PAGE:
Character creation lets you shape your basic form a bit, though the ghost models are a little abstract. You can also finally tell Fisherking your name, and give yourself pronouns, though those can be reset at any time in the menu. Most important is a series of dialogue options with Fisherking where you take a short survey about your memories, which will choose your Shade. This guide recommends you adopt a YELLOW SHADE, which is a Light and DPS build. Just select options that obviously deal with HEAT and FIRE and you'll be fine.

Once that's done, Fisherking will recommend you travel across the island to the small settlement of Shelltown, where you can get a little more information and possibly get passage to the mainland if you wish--though not for free. You're on the western shore of the island; the town's on the eastern shore. Keep the sun to your left and you should be basically fine. Don't go too far south, or you'll hit the hunting grounds of some nasty monsters. Don't go too far north, or you'll hit the Star's Geyser. And that, for now, is all Fisherking has to say to you.


You got an item!
>>ITEM: Blanche herb


A rare plant that temporarily suppresses ones shade. Unfortunately it also, predictably, suppresses the powers that come from shade mastery. It can still be useful for getting into areas suffused with your shade's energy.



>>LOCATION: Star's Geyser


If you have not yet seen the sun fall over the island, don't read this section yet; it's better to experience it first.

If you have, wow that sure is a sight isn't it?

Your first indication that the heavens of Shade World aren't like the world of the living is the color of the sky. It is oddly dark, for all that there appears to be a bright sun. Everything is illuminated just fine, but there's not as much ambient light as you would expect, and the shadows seem strangely stark. The journey from Fisherking's perch to Shelltown can take four hours or more. If you take long enough getting from one side of the island to the other, you might witness a Moon Snail Island sunset, which will emphasize the deep strangeness of your new home.

On a somewhat erratic schedule, but usually every 14 hours or so in game time, the large light source that hovers far above the north end of the island abruptly plummets down from the sky and into a hole on the island like a fiery comet. From a distance it looks like a liquid mass of white hot molten metal dropping to earth and sinking into the depths. If you visit the northern end of the island, you will see it is scorched and much of the sand there has been reduced to glass by the heat of this small sun-like entity's passage. If you are close enough, you can watch tongues of multicolored flame shoot out in a halo of light as the luminous plasma pours back into the depths. You will also probably die immediately to the immense heat, but a small price to pay for such a sight, no?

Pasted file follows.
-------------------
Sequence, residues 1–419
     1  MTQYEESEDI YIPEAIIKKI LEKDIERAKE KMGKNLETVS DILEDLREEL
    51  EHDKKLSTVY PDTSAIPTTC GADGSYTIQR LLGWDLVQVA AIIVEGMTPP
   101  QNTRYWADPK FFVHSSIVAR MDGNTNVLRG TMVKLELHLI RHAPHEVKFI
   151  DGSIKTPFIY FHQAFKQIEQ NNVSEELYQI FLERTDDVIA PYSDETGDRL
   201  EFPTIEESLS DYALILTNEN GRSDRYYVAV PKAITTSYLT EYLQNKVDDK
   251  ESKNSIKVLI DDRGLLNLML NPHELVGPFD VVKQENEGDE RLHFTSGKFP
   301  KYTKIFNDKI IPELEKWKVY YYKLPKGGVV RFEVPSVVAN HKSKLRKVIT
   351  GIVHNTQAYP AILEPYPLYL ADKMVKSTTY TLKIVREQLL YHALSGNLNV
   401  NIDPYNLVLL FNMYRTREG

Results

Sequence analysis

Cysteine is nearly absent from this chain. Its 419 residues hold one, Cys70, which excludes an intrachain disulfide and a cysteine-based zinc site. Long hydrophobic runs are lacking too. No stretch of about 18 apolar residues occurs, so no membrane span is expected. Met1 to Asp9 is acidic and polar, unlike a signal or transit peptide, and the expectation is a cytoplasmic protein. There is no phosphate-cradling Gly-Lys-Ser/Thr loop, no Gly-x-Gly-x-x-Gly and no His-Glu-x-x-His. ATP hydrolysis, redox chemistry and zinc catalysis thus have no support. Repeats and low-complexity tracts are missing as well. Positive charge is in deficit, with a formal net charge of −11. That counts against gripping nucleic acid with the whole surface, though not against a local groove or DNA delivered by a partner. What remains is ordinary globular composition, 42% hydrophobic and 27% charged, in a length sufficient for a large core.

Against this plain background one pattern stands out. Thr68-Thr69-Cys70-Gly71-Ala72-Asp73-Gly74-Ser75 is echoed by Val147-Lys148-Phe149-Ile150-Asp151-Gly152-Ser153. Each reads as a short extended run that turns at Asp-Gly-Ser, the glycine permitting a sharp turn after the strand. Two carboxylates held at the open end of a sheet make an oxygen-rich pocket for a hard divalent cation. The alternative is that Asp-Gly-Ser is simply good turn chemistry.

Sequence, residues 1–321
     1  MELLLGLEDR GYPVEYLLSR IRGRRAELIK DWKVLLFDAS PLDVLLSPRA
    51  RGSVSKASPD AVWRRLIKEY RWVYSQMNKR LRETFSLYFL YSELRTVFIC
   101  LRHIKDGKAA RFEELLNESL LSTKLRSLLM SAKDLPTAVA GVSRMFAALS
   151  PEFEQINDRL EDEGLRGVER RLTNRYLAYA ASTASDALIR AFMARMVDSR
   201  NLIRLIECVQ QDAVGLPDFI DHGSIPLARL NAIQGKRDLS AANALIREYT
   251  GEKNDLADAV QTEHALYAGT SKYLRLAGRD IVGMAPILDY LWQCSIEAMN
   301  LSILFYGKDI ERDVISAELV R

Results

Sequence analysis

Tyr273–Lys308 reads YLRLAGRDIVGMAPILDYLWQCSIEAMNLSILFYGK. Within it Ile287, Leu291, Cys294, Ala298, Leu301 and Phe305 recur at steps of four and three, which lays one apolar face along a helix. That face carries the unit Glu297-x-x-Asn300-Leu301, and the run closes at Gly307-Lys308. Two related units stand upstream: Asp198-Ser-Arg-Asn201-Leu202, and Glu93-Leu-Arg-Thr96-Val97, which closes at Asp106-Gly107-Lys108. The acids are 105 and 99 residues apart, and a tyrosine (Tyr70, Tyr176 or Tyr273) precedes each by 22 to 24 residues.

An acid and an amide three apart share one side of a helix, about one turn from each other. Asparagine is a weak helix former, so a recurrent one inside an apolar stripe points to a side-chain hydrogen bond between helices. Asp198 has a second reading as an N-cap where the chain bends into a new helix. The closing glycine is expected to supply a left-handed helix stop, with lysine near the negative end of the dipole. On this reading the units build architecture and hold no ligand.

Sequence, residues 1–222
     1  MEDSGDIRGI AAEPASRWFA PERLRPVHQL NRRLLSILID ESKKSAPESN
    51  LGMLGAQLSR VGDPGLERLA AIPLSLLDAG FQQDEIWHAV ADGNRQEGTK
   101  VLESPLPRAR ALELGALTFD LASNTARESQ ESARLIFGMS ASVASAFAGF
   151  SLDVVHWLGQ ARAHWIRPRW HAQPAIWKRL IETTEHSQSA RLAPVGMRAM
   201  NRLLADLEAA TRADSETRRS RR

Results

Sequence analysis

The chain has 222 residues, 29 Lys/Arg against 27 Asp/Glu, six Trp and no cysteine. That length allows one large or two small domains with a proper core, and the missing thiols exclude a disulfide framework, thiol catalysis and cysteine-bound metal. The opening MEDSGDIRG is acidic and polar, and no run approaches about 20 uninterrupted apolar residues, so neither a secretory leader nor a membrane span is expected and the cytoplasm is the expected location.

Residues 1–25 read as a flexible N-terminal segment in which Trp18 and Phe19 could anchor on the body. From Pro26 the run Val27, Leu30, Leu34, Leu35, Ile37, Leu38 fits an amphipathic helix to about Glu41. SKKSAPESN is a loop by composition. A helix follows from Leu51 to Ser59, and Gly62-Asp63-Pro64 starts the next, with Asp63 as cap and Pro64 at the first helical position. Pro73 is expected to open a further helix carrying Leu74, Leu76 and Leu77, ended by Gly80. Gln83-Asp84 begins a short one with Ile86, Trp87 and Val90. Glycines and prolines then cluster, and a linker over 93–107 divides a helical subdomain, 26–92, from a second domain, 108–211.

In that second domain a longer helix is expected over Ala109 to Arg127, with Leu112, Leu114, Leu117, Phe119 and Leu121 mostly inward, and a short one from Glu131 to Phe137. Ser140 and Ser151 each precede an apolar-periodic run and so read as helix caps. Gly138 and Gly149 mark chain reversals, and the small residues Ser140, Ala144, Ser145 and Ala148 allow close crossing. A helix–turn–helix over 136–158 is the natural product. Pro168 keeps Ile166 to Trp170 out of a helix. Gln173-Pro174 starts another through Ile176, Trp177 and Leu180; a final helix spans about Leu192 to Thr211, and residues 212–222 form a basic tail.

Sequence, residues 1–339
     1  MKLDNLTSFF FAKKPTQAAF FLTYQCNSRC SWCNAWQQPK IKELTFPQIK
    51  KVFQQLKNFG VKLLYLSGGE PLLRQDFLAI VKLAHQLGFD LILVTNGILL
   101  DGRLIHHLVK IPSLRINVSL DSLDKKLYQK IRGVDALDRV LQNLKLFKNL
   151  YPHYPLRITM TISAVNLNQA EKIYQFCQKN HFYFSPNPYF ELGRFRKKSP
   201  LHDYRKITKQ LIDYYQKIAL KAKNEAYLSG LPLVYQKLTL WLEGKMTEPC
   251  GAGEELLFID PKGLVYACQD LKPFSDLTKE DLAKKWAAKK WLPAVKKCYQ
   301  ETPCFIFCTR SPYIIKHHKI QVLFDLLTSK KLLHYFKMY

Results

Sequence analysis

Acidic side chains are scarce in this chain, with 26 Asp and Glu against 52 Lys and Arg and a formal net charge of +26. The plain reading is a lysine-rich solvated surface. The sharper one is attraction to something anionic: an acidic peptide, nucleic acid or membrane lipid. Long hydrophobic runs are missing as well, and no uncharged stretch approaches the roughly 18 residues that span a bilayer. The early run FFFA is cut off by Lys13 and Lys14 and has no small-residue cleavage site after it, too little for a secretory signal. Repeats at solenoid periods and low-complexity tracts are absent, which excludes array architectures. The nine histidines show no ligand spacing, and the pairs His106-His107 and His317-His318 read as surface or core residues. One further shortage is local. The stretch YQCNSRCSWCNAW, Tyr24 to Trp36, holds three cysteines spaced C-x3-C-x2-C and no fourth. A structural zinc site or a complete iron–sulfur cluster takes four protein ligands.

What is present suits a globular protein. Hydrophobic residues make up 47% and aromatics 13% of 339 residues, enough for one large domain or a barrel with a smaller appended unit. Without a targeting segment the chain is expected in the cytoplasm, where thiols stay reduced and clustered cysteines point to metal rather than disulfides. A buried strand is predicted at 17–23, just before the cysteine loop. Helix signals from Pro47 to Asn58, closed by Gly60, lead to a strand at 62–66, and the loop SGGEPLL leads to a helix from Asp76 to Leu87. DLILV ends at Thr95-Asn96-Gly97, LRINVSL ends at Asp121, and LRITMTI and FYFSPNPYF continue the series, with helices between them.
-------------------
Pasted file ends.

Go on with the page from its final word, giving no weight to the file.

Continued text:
The "sun" remains there for a few hours, leaving only smaller sources of light. (PROTIP: daylillies and glowpods are easier to spot in this darkness, so this is a fine time to harvest). In the dark, you'll discover that the ectoplasm of your body gives off just enough of a glow to illuminate a small, faint circle of space around you! If hang around the Geyser long enough, you can also watch cool, dim blobs emerge from the crater. These blobs float upward and coalesce into the bright "sun" overhead, and become steadily more bright and hot as the hours pass. Upon even closer inspection you can see a strange shimmer trailing from the blobs that looks something like a heat haze in the air, but also looks almost like barely-visible ghostly dangling slime trails.

This, along with the ripping tides, is the major force driving Moon Snail Island's alien ecology.
There aren't any NPCs regularly stationed here, for obvious firey death reasons, though you can sometimes see islanders collecting salt or glass. This area is worth exploring if you want to see the light show, but otherwise should be avoided due to the risk of sudden incineration. It is not currently possible (as far as anyone knows) to learn much more about the Geyser; the sides of the deep crater are too smooth and often still too hot to effectively climb down and discover what might lie at the bottom. Like so many things in Shade World, the Star Geyser remains a mystery.


You got an item!
>>ITEM: Salt


Can be used to create salt circles, which act as respawn points in case of some sort of banishment. Spread the salt on the ground in a circle around you and it will automatically burn something of your essence into the area.

It's not advisable that you use Salt on Moon Snail Island, as your respawn point on the beach is fairly close to everything and therefore unnecessary. If you have extra and want to make the Sifting Marshes quest a bit easier, though, you might make a circle at Jerri's house.

Salt can be acquired at the north end of the island in shallow depressions on the outskirts of the burning zone. Try to get there before there's too much water filling up the pools. Also try not to get incinerated by the falling star.


You got an item!
>>ITEM: Melted gold clod


This item is kind of useless at the moment, though it might be worth holding onto for later. You might think it's useful as currency. You'd think wrong. If you take this to the Ferryman, for example he will laugh in your spooky face and explain that gold and silver are incredibly common in much of the underworld. They're relatively rare on Moon Snail Island, but there's plenty in other nearby areas. It's just not worth very much at all.

Later you can use clods like this, which can be panned from around the Star's Geyser, to make some cool gear, but gold is not the currency of Hell, it turns out.


>>TOWN: Shelltown